Growth and value are two fundamental paradigms, or styles, in stock investing. The battle between growth and value investing has been going on for decades. What is the difference between these two investment strategies and which one works best?

World’s top proponents of value investing like Warren Buffett have contended that the core of value investing is investing in bargain-priced securities or assets. That means purchasing assets for less than they are worth. Value investing is a strategy that involves the purchase of securities that appear to be undervalued based on fundamental analysis. These stocks trade at discounts to book value, have high dividend yields, low price-to-earning or low price-to-book ratios.

Growth investing focuses on capital appreciation. When investors purchase growth stocks, they expect to earn money through capital gains when they eventually sell them. Growth stocks are considered the stocks that may outperform the overall market over time because of their future potential. Those who follow this style, invest in growth stocks, even if they appear overvalued in terms of metrics such as price-to-earnings or price-to-book ratios. These shares usually do not generate dividends, because companies reinvest their profits to speed up growth.

Growth investing and value investing are generally considered opposite. However, as Warren Buffett wrote to the shareholders of Berkshire Hathaway, “two approaches are joined at the hip: growth is always a component in the calculation of value, constituting a variable whose importance can range from negligible to enormous and whose impact can be negative as well as positive”.

Which of the two approaches is the best? One interesting finding is that the performance of the value strategy is more volatile. Nevertheless, value historically outperformed growth. Across all one-year periods from 1926 to 2007, value demonstrated higher performance in almost ⅔ of the time. With long-term investment, the advantage of value investing was even higher: across all five-year periods, value outperformed growth in over 80% of the time. However, the situation has changed after the financial crisis of 2007-2008 (see Chart 1).

Growth has generally outperformed value since 2008. Macroeconomic trends currently favor growth investing. Low-interest rates give growth companies easy access to cheap capital, which is great support for a fast-growing business. On the other hand, the low-interest environment impacts financial corporations, which are strongly represented in value portfolios. The performance of the growth strategy is also supported by the rapid growth of tech companies, which are usually the major component of a growth portfolio. This is especially true during the COVID-19 crisis, which favors the tech sector, as more people and businesses have been pushed online. Nevertheless, nothing lasts forever. There will undoubtedly be times when value outperforms growth and vice versa. The answer to the question of what strategy is most appropriate depends on the investor’s objectives, risk tolerance, time horizon and market conditions. On top of that, it’s always a good idea to seek professional advice.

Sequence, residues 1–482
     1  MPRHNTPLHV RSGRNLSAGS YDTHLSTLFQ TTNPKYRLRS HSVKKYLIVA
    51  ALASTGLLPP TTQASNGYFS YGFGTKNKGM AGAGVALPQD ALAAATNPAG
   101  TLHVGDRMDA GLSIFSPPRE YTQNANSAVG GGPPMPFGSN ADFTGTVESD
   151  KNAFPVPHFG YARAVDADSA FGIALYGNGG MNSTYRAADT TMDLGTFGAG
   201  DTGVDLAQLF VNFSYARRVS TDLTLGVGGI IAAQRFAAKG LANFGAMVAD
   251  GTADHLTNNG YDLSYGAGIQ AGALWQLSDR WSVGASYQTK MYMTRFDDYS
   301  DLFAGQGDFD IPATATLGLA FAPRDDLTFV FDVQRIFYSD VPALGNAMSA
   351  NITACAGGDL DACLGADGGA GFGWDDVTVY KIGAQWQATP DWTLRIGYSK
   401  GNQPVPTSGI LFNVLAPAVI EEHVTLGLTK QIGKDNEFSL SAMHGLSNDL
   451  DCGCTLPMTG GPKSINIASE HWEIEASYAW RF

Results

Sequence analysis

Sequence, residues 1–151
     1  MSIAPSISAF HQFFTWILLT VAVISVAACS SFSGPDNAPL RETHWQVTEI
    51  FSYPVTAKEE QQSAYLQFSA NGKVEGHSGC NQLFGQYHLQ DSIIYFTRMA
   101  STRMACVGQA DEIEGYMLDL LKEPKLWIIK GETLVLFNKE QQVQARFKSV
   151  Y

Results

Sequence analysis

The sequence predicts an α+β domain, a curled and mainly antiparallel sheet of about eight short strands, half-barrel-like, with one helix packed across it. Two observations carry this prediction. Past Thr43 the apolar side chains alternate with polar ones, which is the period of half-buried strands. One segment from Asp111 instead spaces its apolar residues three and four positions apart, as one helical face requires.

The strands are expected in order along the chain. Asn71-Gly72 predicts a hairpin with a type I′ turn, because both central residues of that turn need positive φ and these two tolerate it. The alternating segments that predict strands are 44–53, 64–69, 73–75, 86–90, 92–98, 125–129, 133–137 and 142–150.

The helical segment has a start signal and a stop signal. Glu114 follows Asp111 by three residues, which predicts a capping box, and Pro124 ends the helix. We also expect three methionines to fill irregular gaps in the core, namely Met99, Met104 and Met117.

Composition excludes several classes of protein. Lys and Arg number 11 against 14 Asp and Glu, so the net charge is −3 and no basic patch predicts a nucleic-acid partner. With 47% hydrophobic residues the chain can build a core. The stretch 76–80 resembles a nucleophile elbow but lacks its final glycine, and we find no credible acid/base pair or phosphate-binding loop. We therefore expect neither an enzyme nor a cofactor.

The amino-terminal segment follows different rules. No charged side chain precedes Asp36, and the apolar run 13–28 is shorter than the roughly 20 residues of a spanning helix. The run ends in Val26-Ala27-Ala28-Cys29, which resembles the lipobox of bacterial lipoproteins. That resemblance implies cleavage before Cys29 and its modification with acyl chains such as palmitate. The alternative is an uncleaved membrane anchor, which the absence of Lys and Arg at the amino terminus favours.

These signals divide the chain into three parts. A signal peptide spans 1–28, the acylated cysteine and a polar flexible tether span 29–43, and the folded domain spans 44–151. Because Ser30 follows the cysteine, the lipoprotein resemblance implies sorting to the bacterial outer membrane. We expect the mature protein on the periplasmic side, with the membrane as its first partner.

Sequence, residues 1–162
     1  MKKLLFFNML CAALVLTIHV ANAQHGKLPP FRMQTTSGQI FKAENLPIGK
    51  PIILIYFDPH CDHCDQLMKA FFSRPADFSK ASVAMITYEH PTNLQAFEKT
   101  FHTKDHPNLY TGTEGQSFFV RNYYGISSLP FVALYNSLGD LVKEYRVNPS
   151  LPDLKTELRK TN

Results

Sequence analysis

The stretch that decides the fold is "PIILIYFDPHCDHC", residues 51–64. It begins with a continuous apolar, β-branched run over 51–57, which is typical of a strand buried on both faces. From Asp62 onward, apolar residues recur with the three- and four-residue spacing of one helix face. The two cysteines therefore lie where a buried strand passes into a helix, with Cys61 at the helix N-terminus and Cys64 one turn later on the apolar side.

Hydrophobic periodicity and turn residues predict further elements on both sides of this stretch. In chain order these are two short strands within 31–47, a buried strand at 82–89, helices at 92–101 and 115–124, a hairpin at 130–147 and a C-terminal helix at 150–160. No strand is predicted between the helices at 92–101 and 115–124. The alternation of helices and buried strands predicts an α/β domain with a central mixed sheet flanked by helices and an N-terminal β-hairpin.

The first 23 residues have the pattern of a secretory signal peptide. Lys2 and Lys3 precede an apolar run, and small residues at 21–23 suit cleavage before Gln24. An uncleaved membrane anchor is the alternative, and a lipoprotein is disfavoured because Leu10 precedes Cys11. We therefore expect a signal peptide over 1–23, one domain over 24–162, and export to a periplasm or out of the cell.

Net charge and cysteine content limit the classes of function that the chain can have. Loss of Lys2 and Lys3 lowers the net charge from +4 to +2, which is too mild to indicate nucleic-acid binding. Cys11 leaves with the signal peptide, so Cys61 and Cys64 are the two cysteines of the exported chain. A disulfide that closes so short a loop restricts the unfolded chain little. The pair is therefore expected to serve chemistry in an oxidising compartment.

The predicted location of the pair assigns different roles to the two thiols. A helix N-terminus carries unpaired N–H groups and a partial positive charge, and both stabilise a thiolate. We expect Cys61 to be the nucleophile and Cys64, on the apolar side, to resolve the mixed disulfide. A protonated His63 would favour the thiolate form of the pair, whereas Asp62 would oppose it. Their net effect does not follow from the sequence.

Risk Warning: The information in this article is presented for general information and shall be treated as a marketing communication only.  This analysis is not a recommendation to sell or buy any instrument.  Investing in financial instruments involves a high degree of risk and may not be suitable for all investors. Trading in financial instruments can result in both an increase and a decrease in capital. Please refer to our Risk Disclosure available on our web site for further information.

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2 thoughts on “Value and growth investing

  1. Once again I was convinced that cooperation with ISEC WM is also about acquiring new knowledge. Since becoming a client of this company I have become interested in the stock market and read many articles like this one.
    For some people this info might seem simple enough i guess, but I think starting with basics and explaining it from a to z is exactly what most starters like me need.

  2. Thanks for the article, I too began to get involved in investing, having invested in a portfolio led by ISEC WM.
    Indeed, stocks can be roughly divided into two types. The first are stocks of companies, such as Netflix, whose value shows a long-term upward trend. Such companies pay virtually no dividends and channel their profits into company growth. These stocks can be called growth stocks.
    Other companies, on the other hand, maybe unfairly undervalued, for example, as a result of a boardroom scandal that has occurred, while the companies themselves have strong positions. You can buy them cheap and get good dividends. ISEC WM is well versed in these matters and will help you find a good portfolio.

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